October 1965: The shadow on Indonesia’s new democracy

Oct 11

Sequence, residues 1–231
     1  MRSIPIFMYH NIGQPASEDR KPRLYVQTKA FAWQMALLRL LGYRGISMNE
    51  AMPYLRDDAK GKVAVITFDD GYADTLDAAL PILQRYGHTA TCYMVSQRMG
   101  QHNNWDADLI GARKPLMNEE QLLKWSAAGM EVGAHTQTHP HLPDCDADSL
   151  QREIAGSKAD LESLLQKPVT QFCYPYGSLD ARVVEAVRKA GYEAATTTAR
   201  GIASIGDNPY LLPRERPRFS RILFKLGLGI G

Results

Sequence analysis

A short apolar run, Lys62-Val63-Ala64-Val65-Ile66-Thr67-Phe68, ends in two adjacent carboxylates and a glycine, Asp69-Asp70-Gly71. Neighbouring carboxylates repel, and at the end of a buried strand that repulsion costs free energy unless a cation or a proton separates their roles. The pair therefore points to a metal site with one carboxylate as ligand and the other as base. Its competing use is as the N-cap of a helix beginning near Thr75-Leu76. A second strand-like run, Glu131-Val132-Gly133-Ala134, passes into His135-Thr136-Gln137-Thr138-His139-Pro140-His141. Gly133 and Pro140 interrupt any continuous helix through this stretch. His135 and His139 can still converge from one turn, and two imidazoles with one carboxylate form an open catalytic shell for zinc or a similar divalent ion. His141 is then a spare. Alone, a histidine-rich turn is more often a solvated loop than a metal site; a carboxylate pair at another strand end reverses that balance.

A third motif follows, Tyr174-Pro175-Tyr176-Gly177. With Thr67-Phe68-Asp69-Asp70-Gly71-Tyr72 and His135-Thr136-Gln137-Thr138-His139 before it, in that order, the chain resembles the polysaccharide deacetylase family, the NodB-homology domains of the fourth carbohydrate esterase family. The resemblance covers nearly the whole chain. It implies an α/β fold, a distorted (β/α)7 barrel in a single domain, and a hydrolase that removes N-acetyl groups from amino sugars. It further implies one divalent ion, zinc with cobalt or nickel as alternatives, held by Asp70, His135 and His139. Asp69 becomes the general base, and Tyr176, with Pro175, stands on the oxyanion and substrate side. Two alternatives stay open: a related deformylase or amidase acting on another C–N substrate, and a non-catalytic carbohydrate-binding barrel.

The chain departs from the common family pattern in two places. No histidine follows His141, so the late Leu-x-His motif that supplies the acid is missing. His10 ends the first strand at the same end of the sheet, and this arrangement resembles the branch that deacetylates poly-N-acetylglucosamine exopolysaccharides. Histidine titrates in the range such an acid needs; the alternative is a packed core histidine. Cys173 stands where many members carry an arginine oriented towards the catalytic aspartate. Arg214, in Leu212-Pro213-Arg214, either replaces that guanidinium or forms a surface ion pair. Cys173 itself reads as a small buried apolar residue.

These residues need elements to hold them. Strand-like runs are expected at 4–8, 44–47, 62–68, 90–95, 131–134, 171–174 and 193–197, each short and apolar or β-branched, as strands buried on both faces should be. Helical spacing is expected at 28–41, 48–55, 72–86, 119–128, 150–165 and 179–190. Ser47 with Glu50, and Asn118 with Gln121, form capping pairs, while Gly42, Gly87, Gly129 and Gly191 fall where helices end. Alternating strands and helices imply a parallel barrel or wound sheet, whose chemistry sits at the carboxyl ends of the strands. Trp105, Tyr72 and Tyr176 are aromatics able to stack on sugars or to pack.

There are parts of Jakarta that look almost lovely in the evening.  As we drive along glitzy Thamrin Boulevard to my hotel, the conversation almost inevitably drifts to events that shook this country over four decades ago. On October 5, 1965, the killings began in the immediate aftermath of a failed coup by renegade military units that the army high command tied to the Communist Party of Indonesia (PKI).  By the time the worst was over a few months later, some 500,000 to one million people had perished in a nationwide bloodbath that would be surpassed in the annals of infamy in Asia only by the genocide instigated by the Khmer Rouge in Cambodia over a decade later.  In Java, in Bali, in Sumatra, the soil was soaked with blood as suspected communists were hunted down and summarily executed, with those who survived condemned to labor in penal colonies for decades. While the attempted coup and its immediate aftermath were carried in the Philippine press, with blazing banner headlines in the Manila Times and Manila Chronicle, news from Indonesia left the front page by the time the massacres began to roll like a wave gaining momentum across the country. Recollections But for some young Filipinos at the time, the events in Indonesia were not simple news items.  Then one of the leaders of the rising nationalist movement at the University of the Philippines, Dick Malay recalls on Facebook how he and Nur Misuari, later head of the Moro National Liberation Front (MNLF), were in Jakarta “to attend an anti-colonial conference in October 1965 that almost didn’t take place because of the Nasution-Suharto countercoup against the communists who were the main supporters of Sukarno.” The bloodbath began shortly after the Filipino delegates left Indonesia, taking the lives of many friends they met during the conference.   Malay remembers the governor of Bali hosting a reception for the delegates at which he lashed out at the Philippine government for allowing Clark Air Force Base to be the launching pad of rightist elements who tried unsuccessfully to overthrow Sukarno in 1958.  At that same event, “the governor’s pretty daughter, who was a member of the national folk dance group of Indonesia, talked to us of the...

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